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Minnesota officer who shot Black man charged with manslaughter

Minnesota officer who shot Black man charged with manslaughter This booking photo released by the Hennepin County Sheriff's Office in Minnesota on April 14, 2021, shows former Brooklyn Center Police Officer Kim Potter. Potter, who shot dead 20-year-old Black man Daunte Wright on April 11 in a Minneapolis suburb after appearing to mistake her gun for her Taser was arrested April 14 and will face manslaughter charges, officials said. (AFP/Hennepin County Police)
Nick Pfosi and Gabriella Borter
Minneapolis, United States   ●   Thu, April 15, 2021 2021-04-15 10:55 28 99d7d57c053835b58634634621e44d31 2 World Minneapolis-unrest,police,brutality,US,Racism Free

The white suburban police officer who fatally shot a young Black motorist during a traffic stop in Minnesota, igniting three nights of civil unrest, was charged with manslaughter on Wednesday, a day after the officer turned in her badge.

Daunte Wright, 20, was pulled over on Sunday in Brooklyn Center, just outside Minneapolis, for what police said was an expired vehicle registration, then struggled with police and was shot to death by officer Kimberly Potter, 48, who drew her handgun instead of a Taser in what officials called an accident.

The shooting escalated tensions in a region already on edge over the ongoing trial of the former Minneapolis police officer charged with murder in the use of deadly force last May against George Floyd, a 46-year-old Black man who was suspected of passing a bogus $20 bill.

Potter, a 26-year department veteran, was taken into custody by agents of the Minnesota Bureau of Criminal Apprehension at the agency's office in nearby St. Paul, authorities said.

She was charged with second-degree manslaughter and booked into Hennepin County jail without bond, jail records said.

Protesters assembled outside Brooklyn Center police headquarters for a third night on Tuesday, some throwing bottles and other projectiles over a fence surrounding the building. Officers fired tear gas, non-lethal rounds and flash-bang rounds, to disperse the crowd.

Responding to criticism that law enforcement overreacted to a small-scale provocation two hours before a city curfew took effect, Mayor Mike Elliott said the local sheriff's office, rather than city police, oversaw crowd-control operations on Tuesday night.

"Gassing, in my opinion, is not a humane way of policing," Elliott told reporters on Wednesday. He also urged demonstrators to remain peaceful, saying: "The eyes of the world are on Brooklyn Center."

Elliott later joined a small gathering of Wright's relatives and supporters at a newly erected memorial, featuring a wooden sculpture of a clenched fist, near the spot where Wright was slain.

Gun Vs. Taser

To convict Potter of second-degree manslaughter under Minnesota law, prosecutors must show that she was "culpably negligent" and took an "unreasonable risk" in her actions against Wright. The charge carries a maximum sentence of 10 years in prison and a $20,000 fine.

In a police video of the shooting, Potter shouts: "Taser, Taser, Taser!" as she draws her weapon and opens fire on Wright in his car after he had just pulled away from a fellow officer, then she is heard to say: "Holy shit, I just shot him."

City Police Chief Jim Gannon, who also resigned on Tuesday, has said the shooting appeared to have been accidental.

The Washington County Attorney's Office, which brought the case, said Potter was acting as her partner's field training officer at the time of the shooting.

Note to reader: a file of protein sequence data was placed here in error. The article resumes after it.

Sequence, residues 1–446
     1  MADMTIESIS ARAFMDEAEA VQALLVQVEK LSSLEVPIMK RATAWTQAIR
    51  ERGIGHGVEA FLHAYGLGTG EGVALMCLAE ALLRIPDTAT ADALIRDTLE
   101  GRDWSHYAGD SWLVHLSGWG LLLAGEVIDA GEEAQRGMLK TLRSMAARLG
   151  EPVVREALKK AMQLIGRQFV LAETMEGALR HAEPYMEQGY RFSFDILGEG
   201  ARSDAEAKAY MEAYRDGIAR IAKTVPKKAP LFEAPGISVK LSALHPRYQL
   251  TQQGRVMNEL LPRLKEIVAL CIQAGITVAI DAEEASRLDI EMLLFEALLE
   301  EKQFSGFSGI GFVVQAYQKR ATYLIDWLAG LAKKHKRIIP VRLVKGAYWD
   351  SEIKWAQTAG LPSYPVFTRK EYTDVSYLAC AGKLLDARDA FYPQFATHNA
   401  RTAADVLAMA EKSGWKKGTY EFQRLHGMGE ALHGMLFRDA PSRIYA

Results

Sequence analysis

"Certain occupations carry an immense responsibility and none more so than a sworn police officer," Imran Ali, head of the county attorney's major crimes unit, said in a statement.

Prosecutors will seek to prove that Potter "abrogated her responsibility to protect the public when she used her firearm rather than her Taser," he said. "Her action caused the unlawful killing of Mr. Wright, and she must be held accountable."

Potter's handgun and Taser were holstered on opposite sides of her belt in such a way that she would have had to use her left hand to draw the electric-stun device, the county attorney's office said. Instead, she pulled her Glock 9mm pistol with her right hand.

The prosecutors also said Potter's partner officer, Anthony Luckey, had determined after stopping Wright that he had an outstanding warrant for a "gross misdemeanor weapons charge."

'This Was No Accident'

Wright died of a single gunshot wound to the chest, the coroner concluded in an autopsy that ruled the case a homicide.

Civil rights attorney Benjamin Crump, representing Wright's family, said the case brought against Potter fell short of fulfilling a greater need for police reform in the United States.

"This was no accident. This was an intentional, deliberate, and unlawful use of force," Crump said in a statement. "Driving while Black continues to result in a death sentence."

The shooting has renewed criticism of discretionary vehicle stops for minor traffic violations, in which police officers have legal leeway to act on racial bias, civil rights advocates say.

It has also drawn attention to potential issues with the use of Tasers by police officers, with some experts saying problems persist with training and the weapon's design.

Potter is at least the third US law enforcement officer to face charges after claiming they mistakenly killed someone with a gun when they meant to use a Taser.

Wright was killed just miles from the Minneapolis courthouse where the trial of Derek Chauvin, the former policeman charged with murdering Floyd last May, is taking place.

Floyd, who died in handcuffs with his neck pinned to the street under Chauvin's knee, became the face of a national movement against racial injustice and police brutality as protests against his killing swept the United States last year in the midst of the coronavirus pandemic.